Estimated salt intake and risk of atrial fibrillation in a p
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Hypertension predisposes to atrial fibrillation (AF) – a major risk factor for ischaemic stroke. Since a high dietary salt consumption is associated with hypertension, researchers investigated the association between urinary sodium excretion as a marker for dietary sodium intake and risk of new-onset AF in community-dwelling adults.

The UK Biobank includes 40 to 69 year-old British residents recruited 2006–2010. Participants were divided into sex-specific quintiles according to 24-hour sodium excretion estimated based on spot samples with the Kawasaki equation. Participants with AF at baseline were excluded. Cox regression adjusted for cardiovascular risk factors was used to assess associations with risk of AF, using the third quintile as reference.

Results:
-- A total of 257 545 women and 215 535 men were included.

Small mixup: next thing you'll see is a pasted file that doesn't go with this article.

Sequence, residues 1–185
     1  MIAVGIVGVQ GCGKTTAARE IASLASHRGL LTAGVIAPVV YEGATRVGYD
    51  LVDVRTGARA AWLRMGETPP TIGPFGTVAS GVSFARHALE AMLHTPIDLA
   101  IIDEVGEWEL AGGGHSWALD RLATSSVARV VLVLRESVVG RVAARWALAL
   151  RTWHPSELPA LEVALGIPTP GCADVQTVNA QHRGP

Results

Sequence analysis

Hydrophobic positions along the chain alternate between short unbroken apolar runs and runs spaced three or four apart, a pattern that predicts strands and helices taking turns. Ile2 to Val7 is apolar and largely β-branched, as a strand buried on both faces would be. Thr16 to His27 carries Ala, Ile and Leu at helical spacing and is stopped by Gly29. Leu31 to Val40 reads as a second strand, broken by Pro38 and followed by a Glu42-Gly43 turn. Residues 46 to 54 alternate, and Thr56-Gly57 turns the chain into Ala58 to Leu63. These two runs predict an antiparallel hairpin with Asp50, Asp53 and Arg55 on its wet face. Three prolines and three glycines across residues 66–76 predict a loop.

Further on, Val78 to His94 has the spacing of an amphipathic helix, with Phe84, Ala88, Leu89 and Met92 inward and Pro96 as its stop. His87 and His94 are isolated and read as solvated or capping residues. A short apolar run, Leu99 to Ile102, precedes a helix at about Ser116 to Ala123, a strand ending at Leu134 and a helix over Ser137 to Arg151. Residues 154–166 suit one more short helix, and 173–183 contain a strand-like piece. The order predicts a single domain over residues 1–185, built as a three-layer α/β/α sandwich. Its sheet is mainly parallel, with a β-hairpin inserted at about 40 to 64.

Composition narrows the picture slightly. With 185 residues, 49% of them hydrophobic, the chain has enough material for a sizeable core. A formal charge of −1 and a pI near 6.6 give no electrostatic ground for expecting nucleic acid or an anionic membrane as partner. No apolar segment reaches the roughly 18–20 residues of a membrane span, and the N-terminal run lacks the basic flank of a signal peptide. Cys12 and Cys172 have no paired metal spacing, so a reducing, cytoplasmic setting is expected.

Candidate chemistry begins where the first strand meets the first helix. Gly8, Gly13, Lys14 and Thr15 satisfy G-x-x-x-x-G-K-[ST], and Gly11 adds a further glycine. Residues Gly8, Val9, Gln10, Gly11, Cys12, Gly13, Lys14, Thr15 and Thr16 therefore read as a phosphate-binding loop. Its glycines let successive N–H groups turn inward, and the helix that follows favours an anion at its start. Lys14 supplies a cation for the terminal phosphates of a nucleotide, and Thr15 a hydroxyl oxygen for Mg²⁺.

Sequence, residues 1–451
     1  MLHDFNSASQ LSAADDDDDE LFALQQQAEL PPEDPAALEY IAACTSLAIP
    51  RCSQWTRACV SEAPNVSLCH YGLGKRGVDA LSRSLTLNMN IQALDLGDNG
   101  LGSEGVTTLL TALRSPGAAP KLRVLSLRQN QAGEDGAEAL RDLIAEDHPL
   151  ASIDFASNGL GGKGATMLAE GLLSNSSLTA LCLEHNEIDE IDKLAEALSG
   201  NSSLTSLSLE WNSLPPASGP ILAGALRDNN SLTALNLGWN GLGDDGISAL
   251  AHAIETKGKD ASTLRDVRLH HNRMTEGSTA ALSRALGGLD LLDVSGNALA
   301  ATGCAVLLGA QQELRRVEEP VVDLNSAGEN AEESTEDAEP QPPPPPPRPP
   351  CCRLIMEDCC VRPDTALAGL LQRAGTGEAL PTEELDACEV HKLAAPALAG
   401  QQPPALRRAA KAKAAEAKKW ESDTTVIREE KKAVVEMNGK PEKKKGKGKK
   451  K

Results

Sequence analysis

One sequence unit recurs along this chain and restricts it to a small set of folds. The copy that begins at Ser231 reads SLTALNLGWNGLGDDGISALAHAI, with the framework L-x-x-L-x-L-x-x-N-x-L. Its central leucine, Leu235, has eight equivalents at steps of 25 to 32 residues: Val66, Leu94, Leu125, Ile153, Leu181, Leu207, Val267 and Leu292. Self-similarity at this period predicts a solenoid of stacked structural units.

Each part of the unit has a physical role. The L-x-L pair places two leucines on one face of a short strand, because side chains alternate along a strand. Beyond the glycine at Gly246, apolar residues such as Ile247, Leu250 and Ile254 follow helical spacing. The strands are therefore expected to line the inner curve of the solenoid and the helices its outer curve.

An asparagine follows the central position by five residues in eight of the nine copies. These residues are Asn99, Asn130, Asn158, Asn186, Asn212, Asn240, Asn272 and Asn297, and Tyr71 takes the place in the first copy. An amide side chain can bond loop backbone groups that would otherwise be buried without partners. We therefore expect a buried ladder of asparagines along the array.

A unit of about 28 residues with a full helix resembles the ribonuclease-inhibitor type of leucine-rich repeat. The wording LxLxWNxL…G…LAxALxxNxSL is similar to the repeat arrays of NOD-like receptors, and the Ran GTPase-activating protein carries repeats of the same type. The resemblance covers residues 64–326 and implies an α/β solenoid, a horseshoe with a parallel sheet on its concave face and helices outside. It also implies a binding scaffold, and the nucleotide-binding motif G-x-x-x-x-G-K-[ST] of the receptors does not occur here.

-- During up to 10 years' follow-up, 2221 women and 3751 men were diagnosed with AF.

-- There was a tendency for an increased risk of AF in the lowest and highest quintiles of estimated daily salt intake in both women and men.

-- In the fully adjusted model, significant associations were seen amongst men in the lowest and highest quintiles of sodium excretion.

Conclusively, researchers found evidence for a U-shaped association between estimated daily salt intake and AF risk amongst men. A suggestive J-shaped association in women was not statistically confirmed, but analyses were likely underpowered. These results suggest that above a certain physiological minimum level progressively higher salt intake is associated with increasing risk of AF.

Source: https://onlinelibrary.wiley.com/doi/10.1111/joim.13194
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